National Historic Preservation Trust’s "2009 11 Most Endangered List " Includes New Mexico’s Mt Taylor

This year marks the 22nd annual list of America’s 11 Most Endangered Historic Places. Since 1988, the National Trust for Historic Preservation has used this list as a powerful alarm to raise awareness of the serious threats facing the nation’s greatest treasures. It has become one of the most effective tools in the fight to save the country’s irreplaceable architectural, cultural and natural heritage. In the days leading up to and during the National Preservation Trust’s Nashville Conference, Nashville Past And Present will highlight the historic buildings, structures and places on this years most endangered list.

Located in the southwestern corner of New Mexico’s San Mateo Mountains, midway between Albuquerque and Gallup, Mount Taylor, with an elevation of nearly 12,000 feet, is a startlingly beautiful, sacred place. Visible from up to 100 miles away, the mountain has been a pilgrimage site for as many as 30 Native American tribes, with special significance for the Acoma people. Centuries before the mountain was named for President Zachary Taylor, it was known to the Acoma as Kaweshtima, or “place of snow.” Mount Taylor is rooted in Acoma’s history and traditions and is closely aligned with the tribe’s cultural identity.

Mount Taylor is approximately 50 miles from Acoma Sky City, a 367-foot tall mesa that has been the home of the Acoma people for nearly 1,000 years, and is today a National Trust Historic Site. The mountain sits atop one of the richest known reserves of uranium ore in the country: the Grants Uranium Belt. This reserve has already spawned two uranium-mining booms in the area, one in the 1950s and another in the 1970s. Current high demand for the ore has resulted in a renewed interest in mining the uranium deposits beneath Mount Taylor on federal, state and private lands, as well as on other public and private lands in the area. The New Mexico Mining and Minerals Division continues to receive proposals for exploration, mining and milling operations for Mount Taylor.

Much of the area is governed by the 1872 Mining Law, which permits mining regardless of its impact on cultural or natural resources, meaning that the U.S. Forest Service and other federal land management agencies lack the authority to deny mining applications, even if the application would adversely affect those resources. In addition to threats posed to the mountain itself, uranium mining may contaminate or impair Acoma’s primary water source, the Rio San Jose. The Acoma people view the Rio San Jose as both the key to their physical survival and the cultural lifeblood of their community.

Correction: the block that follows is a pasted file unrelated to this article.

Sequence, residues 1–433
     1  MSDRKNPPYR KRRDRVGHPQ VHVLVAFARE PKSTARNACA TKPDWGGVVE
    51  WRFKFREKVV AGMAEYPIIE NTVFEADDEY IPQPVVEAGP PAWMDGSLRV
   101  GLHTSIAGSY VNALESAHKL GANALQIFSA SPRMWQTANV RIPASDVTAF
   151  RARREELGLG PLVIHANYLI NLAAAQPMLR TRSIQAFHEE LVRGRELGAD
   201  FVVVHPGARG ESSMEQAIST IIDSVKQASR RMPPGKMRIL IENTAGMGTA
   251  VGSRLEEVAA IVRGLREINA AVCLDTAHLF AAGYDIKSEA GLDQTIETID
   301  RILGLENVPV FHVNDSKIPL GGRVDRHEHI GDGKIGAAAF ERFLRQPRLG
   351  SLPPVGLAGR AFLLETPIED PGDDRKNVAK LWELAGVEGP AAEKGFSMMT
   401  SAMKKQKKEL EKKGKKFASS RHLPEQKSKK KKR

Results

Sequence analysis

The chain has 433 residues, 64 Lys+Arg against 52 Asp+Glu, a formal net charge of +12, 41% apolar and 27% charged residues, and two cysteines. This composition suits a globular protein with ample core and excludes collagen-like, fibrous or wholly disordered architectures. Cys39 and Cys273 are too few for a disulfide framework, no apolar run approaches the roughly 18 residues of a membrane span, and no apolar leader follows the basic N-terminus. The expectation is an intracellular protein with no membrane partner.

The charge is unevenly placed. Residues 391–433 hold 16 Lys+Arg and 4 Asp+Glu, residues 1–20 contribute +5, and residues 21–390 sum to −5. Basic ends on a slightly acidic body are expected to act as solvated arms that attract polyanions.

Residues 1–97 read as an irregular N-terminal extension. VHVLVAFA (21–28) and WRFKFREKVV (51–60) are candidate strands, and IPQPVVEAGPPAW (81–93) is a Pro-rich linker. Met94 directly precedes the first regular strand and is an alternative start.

On June 5, 2009, the New Mexico Cultural Properties Review Committee voted unanimously to protect the cultural resources of Mount Taylor. The permanent listing as a Traditional Cultural Property (TCP) in New Mexico’s State Register of Cultural Properties will include more than the summit and slopes of the mountain because the pueblos and tribes believe that this cultural landscape also includes many of the mesas and valleys that surround it. The U.S. Forest Service has also determined that Mount Taylor is eligible for listing in the National Register of Historic Places. The listing ends for now the debate between the Pueblos of Acoma, Laguna, and Zuni, the Hopi Tribe and Navajo Nation who want to ensure their legitimate right to consultation over activities that could harm the mountain, and landowners who are concerned about preserving their rights to use private property without interference. In crafting the nomination, the tribes responded to the concerns expressed by some private property owners by designating all private property within the boundaries of the TCP as non-contributing thereby excluding those properties from the protections of the TCP listing.

Today Mt Taylor is still used for a variety of cultural practices and holds value for several area tribes. Currently, the mountain is under threat from exploration and proposals for uranium mining, which, if allowed to proceed, would have a devastating impact on cherished cultural resources, including pilgrimage trails, shrines, and archeological sites.


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